Nigel Havers is a 'personal counsellor' to Debbie McGee
- Bang Showbiz
- 10 February 2017
Debbie McGee sees her new friend Nigel Havers as her "personal counsellor" because he's been helping her get over the death of her husband Paul Daniels
Nigel Havers has become Debbie McGee's "personal counsellor" following the death if her husband Paul Daniels last year.
The 58-year-old performer was left devastated last March when the legendary magician lost his battle with a brain tumour at the age of 77 but she has admitted her grieving process has been made easier since meeting the 65-year-old actor, who also lost his wife Polly to cancer in 2004, while filming a new show called 'Carry On Barging' together.
Speaking on 'Lorraine' on Friday (10.02.17), she said: "He'd been through what I was going through so when the cameras stopped rolling he would say 'are you OK? Do you want to sit and talk and have a cup of tea?'
"Then in quiet moments he would sit and chat to me and tell me how he got through it and how he moved on and carried on working and has met a lovely lady who he's happily married to now. He said, 'It will happen to you Debbie, at first you think nothing good can happen again but it does,' and that was like having my own counsellor, on tap."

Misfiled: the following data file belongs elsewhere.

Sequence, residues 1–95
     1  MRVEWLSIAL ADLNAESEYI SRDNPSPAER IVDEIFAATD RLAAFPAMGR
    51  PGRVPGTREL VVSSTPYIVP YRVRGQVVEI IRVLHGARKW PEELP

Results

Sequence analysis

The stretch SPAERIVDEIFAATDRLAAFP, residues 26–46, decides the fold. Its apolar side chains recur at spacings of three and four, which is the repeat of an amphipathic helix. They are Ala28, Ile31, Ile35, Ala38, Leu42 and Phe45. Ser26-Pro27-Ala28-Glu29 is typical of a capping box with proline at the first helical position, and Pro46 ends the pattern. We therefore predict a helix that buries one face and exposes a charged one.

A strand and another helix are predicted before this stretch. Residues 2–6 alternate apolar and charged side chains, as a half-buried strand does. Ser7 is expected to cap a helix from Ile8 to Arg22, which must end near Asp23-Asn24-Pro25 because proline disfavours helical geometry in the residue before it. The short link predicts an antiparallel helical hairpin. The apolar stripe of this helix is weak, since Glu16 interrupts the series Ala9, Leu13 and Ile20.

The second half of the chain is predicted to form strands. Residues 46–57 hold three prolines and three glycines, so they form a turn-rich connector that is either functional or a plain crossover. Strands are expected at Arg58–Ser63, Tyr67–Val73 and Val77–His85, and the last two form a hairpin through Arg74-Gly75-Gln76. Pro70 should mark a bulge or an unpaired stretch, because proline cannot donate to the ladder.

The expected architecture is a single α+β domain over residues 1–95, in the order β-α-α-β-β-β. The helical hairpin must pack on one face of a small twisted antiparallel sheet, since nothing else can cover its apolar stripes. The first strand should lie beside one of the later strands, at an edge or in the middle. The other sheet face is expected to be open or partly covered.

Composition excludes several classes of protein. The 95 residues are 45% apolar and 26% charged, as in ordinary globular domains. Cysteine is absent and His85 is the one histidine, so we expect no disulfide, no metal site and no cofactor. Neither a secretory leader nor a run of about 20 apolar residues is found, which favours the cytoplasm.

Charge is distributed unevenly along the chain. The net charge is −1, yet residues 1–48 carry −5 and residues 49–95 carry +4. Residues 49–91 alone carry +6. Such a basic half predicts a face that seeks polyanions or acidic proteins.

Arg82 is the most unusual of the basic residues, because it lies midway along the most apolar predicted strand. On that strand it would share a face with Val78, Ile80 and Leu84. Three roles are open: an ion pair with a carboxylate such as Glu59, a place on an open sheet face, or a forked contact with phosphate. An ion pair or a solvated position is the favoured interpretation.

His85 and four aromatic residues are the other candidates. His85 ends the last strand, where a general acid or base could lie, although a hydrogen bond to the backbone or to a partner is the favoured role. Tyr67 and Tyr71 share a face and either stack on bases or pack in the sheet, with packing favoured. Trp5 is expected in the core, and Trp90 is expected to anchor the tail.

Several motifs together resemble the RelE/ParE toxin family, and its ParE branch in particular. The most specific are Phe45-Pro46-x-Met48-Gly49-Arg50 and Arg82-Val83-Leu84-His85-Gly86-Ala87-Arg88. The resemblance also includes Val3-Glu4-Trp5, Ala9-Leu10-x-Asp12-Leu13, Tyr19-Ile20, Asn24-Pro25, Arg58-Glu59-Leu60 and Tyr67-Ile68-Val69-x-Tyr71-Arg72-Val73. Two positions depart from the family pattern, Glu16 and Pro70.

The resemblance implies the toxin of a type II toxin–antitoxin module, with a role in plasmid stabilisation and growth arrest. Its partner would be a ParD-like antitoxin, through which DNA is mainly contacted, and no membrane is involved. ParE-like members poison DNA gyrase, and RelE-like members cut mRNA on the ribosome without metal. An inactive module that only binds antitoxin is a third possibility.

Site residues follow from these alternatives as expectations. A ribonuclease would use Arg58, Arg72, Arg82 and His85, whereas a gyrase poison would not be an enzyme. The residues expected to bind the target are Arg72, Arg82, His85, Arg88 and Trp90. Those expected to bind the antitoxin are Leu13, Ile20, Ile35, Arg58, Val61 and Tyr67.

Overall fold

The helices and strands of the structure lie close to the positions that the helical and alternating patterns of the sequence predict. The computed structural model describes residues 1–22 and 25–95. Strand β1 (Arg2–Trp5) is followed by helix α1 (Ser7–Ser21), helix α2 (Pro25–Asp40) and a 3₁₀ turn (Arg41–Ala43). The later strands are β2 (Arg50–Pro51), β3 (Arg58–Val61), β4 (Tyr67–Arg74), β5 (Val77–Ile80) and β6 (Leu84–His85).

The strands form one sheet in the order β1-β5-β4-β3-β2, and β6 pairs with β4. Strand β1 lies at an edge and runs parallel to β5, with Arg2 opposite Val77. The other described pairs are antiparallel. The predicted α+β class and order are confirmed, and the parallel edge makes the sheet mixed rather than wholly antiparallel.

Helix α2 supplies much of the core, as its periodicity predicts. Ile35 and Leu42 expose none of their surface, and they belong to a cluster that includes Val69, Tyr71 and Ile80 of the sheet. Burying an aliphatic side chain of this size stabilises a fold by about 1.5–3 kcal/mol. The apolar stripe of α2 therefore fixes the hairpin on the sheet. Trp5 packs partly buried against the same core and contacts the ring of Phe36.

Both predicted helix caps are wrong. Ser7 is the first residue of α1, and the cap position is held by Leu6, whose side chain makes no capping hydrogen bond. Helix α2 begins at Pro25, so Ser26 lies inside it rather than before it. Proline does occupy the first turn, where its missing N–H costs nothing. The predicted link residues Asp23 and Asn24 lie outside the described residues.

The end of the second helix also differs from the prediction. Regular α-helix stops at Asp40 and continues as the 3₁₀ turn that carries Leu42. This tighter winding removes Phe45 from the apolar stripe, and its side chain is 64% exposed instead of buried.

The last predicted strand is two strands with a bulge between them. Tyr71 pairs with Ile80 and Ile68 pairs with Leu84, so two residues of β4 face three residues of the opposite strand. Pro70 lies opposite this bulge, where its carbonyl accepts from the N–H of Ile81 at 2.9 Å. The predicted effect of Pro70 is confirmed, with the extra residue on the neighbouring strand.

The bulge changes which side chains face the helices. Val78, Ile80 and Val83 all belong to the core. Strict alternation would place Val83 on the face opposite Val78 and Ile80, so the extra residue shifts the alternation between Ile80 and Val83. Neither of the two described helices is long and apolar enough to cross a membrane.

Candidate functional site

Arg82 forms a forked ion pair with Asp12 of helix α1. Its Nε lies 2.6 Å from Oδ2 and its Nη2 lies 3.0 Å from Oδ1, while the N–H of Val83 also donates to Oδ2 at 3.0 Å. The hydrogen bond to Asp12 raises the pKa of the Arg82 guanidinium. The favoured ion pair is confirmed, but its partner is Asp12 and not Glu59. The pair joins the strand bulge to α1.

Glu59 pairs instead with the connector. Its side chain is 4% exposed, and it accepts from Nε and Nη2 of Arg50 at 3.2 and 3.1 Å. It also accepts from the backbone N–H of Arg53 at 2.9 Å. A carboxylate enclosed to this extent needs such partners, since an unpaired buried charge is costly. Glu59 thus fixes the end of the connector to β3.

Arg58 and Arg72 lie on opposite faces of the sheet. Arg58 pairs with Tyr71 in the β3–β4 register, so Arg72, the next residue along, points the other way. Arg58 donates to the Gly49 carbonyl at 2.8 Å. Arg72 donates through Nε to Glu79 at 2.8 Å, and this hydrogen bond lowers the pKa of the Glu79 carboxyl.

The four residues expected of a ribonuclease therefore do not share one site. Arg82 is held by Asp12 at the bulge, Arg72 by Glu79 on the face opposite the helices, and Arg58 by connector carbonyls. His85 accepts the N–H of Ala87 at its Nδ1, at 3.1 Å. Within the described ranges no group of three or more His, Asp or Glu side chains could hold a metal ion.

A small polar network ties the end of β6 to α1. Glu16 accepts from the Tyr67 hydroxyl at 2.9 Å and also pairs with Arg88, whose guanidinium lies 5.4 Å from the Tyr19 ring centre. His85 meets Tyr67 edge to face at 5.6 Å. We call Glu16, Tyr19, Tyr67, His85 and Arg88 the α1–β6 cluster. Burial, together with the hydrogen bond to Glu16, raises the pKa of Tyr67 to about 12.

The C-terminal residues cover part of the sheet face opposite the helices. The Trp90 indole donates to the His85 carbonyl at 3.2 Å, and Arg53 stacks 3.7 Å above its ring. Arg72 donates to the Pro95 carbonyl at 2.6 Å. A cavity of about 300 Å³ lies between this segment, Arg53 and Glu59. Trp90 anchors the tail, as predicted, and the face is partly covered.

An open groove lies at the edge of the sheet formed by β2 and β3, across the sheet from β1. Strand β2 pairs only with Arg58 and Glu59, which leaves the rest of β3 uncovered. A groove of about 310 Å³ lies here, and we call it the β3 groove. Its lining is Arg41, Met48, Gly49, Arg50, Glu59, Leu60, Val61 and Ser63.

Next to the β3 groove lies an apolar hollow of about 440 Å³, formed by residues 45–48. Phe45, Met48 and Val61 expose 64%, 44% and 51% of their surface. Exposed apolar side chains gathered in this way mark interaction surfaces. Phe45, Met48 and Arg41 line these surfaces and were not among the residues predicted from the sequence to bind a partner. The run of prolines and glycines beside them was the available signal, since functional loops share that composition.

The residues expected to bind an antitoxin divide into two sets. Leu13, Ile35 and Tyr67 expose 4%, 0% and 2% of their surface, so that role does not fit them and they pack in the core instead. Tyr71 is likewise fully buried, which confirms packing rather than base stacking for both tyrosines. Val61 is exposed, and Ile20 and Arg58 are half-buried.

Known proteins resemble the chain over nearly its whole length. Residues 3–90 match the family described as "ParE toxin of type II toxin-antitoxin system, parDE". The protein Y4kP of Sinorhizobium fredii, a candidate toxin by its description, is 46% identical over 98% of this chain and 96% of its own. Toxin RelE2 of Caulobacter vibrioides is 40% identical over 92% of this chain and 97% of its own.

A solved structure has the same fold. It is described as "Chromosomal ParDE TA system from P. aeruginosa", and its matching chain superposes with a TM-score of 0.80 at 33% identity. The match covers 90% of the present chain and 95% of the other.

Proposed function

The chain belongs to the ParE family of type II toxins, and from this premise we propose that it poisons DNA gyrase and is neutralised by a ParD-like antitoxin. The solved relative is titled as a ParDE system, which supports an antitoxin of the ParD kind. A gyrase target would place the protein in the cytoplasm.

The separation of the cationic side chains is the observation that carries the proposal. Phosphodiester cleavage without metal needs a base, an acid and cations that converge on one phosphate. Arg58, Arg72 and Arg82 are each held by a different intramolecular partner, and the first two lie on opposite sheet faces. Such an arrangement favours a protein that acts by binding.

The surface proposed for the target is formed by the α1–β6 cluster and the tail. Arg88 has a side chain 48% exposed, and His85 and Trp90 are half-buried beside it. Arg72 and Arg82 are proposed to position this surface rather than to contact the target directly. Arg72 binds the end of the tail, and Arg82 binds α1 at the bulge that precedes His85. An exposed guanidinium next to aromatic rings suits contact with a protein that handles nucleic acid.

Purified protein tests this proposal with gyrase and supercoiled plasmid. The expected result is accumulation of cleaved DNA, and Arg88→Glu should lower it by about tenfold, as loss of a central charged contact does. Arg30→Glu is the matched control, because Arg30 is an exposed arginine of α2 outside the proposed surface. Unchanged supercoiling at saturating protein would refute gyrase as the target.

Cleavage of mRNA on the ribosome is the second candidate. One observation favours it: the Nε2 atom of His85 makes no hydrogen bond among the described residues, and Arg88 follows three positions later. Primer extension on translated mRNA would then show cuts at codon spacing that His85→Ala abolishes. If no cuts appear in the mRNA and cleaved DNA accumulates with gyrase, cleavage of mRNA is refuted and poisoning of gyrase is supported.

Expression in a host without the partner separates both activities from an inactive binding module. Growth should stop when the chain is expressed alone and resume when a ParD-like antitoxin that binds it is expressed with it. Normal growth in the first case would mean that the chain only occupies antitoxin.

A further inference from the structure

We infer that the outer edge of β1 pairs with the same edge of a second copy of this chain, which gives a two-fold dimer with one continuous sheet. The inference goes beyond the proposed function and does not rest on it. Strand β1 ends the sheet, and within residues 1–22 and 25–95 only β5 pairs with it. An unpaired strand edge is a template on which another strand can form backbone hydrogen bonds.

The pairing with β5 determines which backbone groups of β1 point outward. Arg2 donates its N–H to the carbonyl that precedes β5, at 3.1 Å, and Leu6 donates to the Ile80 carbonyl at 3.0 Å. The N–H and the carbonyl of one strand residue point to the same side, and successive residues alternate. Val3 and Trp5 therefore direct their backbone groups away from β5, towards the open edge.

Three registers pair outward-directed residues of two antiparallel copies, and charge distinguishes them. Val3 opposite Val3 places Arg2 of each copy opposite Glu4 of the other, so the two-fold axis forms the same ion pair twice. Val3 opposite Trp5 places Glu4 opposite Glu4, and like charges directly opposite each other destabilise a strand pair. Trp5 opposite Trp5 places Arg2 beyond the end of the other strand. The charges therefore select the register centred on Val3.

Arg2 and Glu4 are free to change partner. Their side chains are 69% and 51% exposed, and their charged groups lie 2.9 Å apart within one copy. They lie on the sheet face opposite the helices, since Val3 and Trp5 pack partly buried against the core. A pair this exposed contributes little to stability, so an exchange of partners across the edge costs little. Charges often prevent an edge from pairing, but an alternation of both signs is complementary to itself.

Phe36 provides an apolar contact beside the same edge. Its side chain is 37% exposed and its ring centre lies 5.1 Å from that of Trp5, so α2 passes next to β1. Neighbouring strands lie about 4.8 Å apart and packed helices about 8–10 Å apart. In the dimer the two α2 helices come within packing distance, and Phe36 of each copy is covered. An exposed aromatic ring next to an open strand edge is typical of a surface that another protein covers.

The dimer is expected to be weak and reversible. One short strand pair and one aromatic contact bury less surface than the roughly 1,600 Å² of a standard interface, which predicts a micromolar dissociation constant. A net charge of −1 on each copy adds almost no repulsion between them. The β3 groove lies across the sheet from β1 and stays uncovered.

And, although the blonde star thinks it's too early to start meeting new people, Debbie has admitted she would like to find someone eventually because she needs "company" and a "variety" of people around her.
She explained: "You don't always need your girlfriends, there are things you talk to chaps about that are different and you need a variety of company. The hardest thing is you don't want to take the photographs down and you want to talk about the person you've lost."
Although Debbie was very "independent" before she married Paul in 1988, she admitted going out on her own after his passing 11 months ago made her miss him even more because she had no one to talk to and felt like an "orphan."
She said previously: "Before I married, I was independent and lived alone. But there is a difference between choosing to be alone and when it's forced upon you.
"For the first few weeks, when I went out shopping I'd walk around feeling a bit like an orphan. When Paul was here if I went out I'd ring him or he'd ring me and say: 'While you're out could you get, whatever?'
"Or if he heard something on the radio, he'd call to say: 'This is on the radio. Turn it on. You'll enjoy it.' "